Brookfield village trustees are poised to reverse a ban on video gambling devices that has been on the books for two decades, now that the Illinois Gaming Board has begun accepting applications for the devices at liquor establishments across the state.
Since the Brookfield Village Board never took action to prohibit the devices in the wake of Gov. Pat Quinn signing a bill to allow video gambling machines in 2009, Brookfield bar owners believed they would be free to go ahead with their applications to the state.
But sitting on the books already was a 1991 law that states, “No cash prizes nor any item of value shall be awarded in conjunction with any amusement device whether within the game area or elsewhere.”
Such a ban could cost local bar owners tens of thousands of dollars in annual revenue and could cost the village more than $100,000 in additional revenue each year, if the ban stays in place.
That means before Brookfield bar owners can apply to have gambling devices that pay out to customers, village officials need to reverse that law.
“I personally don’t think we should opt out of this,” said Village President Michael Garvey. “We should remain in and regulate it appropriately, and treat any revenue that comes in on a cautious basis until it actually starts flowing in.”
Garvey urged trustees to pass an ordinance repealing the village’s ban on gambling devices at their next meeting on April 23. Trustees at that time will also likely continue to discuss refinements for regulating the machines in the village – how many to allow per establishment, licensing requirements and permit fees associated with the machines.
“Our establishments are facing a competitive disadvantage due to this discovery, that our ordinances, which we didn’t really think were prohibiting this, are prohibiting this,” said Garvey.
Other nearby towns allow the video gambling machines and some bar owners fear Brookfield’s establishments will lose business to those other nearby places.
“It does a tremendous amount for us as far as helping us make money here in town,” said Phil Stanton, owner of Phil’s Sports Bar and Grill in Brookfield, who estimated he might be able to make an additional $20,000 to $30,000 per year by having the machines in his business.
“For an establishment like mine, even if my end of the revenue is only $20,000 or $30,000 a year, that’s a substantial amount of revenue,” Stanton said. “It’s not only that revenue that I would lose if we didn’t have it, but I would also lose customers to Lyons, McCook, Berwyn and all these other towns that do it, so I’d also lose some of my drinking revenue and my food revenue.”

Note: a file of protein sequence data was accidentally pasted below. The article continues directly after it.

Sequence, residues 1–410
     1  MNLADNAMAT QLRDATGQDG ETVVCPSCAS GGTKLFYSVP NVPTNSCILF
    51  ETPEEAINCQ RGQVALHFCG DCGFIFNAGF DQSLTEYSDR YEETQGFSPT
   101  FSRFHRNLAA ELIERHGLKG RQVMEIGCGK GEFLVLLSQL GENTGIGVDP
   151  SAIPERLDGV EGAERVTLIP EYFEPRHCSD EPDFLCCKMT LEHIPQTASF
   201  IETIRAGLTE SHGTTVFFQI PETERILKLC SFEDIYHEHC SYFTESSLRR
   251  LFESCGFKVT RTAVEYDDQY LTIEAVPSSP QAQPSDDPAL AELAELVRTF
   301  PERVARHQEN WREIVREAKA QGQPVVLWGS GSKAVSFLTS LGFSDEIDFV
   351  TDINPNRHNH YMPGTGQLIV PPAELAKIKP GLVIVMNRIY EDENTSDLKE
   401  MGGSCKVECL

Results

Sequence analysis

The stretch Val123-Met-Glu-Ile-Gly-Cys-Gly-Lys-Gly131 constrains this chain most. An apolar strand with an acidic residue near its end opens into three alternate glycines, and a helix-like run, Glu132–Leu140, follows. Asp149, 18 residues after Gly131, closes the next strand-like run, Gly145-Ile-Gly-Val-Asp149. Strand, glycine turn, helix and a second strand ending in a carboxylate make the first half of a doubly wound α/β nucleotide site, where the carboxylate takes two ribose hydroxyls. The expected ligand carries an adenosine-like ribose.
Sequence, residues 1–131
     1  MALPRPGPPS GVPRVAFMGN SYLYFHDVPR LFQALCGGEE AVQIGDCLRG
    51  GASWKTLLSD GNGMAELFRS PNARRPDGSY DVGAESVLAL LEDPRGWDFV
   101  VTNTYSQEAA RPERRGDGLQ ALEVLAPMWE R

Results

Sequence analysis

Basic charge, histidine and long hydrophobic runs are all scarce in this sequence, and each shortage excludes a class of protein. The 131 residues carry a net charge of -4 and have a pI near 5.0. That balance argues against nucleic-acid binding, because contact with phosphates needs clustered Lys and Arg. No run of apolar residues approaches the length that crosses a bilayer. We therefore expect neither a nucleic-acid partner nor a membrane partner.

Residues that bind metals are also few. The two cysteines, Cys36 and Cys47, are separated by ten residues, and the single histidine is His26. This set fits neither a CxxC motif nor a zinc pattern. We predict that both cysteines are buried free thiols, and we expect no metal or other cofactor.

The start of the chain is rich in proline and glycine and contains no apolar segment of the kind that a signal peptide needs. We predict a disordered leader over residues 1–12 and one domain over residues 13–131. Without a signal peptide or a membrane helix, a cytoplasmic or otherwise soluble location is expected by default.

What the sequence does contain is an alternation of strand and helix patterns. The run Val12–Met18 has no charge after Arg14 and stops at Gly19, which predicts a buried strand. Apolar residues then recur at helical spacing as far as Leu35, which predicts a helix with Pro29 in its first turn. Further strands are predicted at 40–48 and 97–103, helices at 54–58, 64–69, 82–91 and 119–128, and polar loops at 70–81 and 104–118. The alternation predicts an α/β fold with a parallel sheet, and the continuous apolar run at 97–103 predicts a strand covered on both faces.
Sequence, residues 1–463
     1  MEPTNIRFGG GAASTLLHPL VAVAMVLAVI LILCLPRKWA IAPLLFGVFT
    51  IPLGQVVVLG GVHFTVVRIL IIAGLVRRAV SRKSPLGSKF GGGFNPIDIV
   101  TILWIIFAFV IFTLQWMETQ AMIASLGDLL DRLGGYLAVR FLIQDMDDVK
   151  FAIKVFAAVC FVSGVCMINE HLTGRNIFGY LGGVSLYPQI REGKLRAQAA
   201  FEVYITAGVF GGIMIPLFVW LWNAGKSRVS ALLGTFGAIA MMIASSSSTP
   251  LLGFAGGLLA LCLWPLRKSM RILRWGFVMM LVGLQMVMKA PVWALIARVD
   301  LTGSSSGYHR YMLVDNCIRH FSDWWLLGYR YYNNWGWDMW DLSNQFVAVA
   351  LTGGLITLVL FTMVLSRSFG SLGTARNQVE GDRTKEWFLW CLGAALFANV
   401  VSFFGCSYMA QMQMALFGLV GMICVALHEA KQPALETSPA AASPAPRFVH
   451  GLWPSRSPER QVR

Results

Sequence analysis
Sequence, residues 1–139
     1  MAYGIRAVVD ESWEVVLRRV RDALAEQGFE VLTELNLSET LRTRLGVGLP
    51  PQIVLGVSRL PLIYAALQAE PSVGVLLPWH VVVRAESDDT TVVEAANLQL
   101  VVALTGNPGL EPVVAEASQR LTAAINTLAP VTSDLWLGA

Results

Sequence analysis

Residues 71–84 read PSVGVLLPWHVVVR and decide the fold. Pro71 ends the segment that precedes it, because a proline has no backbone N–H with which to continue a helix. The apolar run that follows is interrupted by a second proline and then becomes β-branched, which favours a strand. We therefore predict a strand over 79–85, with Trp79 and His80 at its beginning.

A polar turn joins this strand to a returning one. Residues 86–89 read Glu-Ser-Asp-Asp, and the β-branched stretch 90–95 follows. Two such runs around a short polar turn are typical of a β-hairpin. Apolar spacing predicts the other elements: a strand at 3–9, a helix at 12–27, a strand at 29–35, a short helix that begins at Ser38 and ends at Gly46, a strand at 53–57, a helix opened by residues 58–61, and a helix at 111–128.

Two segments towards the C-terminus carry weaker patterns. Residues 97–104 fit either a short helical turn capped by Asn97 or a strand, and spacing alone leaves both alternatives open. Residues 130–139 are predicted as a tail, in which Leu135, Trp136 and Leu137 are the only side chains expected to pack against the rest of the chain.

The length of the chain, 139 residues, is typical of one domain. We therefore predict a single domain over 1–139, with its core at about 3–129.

According to Brookfield officials, the state has estimated that the village’s cut of the revenue for each gaming device would be about $2,200 annually. The state statute allows up to five of the devices in each establishment – they are allowed in bars/restaurants that have liquor licenses, fraternal organizations and veterans organizations.
Brookfield has about 20 such establishments in town, so even if half have five machines the village could expect upwards of $100,000 in additional revenue each year. The state, meanwhile, will use its cut of the gaming proceeds to fund capital projects throughout Illinois.
But Trustee Kit Ketchmark cautioned his colleagues about the projected windfall from future video gambling revenues.
“I don’t think we should make a decision on a potential $100,000-plus in revenue, because as I’m looking at the numbers it just seems so optimistic,” Ketchmark said. “I just think the numbers are just so far out there that we’re not going to see anywhere near those numbers.”
Trustee Michael Towner disagreed, saying he felt the state’s estimates were on the mark, even conservative.
“These are gambling stations … This is how casinos make their money,” said Towner, who is in favor of repealing the video gambling ban on Brookfield’s books. “[The state] know[s] by dealing with casinos for years that those gambling stations are going to bring in X amount of revenue, and that’s a lot of revenue we’re going to be leaving on the table.”
Brookfield resident Frank Clarke questioned whether having gambling machines in bars was a good idea.
“With the economy the way it is, everybody wants to hit the jackpot,” Clarke told trustees. “What would be preventing somebody from going in there and dropping their whole payroll to try to win a jackpot?
Garvey responded that the board “can’t regulate common sense.”
“In the same ways, we don’t or can’t regulate who buys lottery tickets or Mega-Millions tickets, or how much people spend at Bingo.”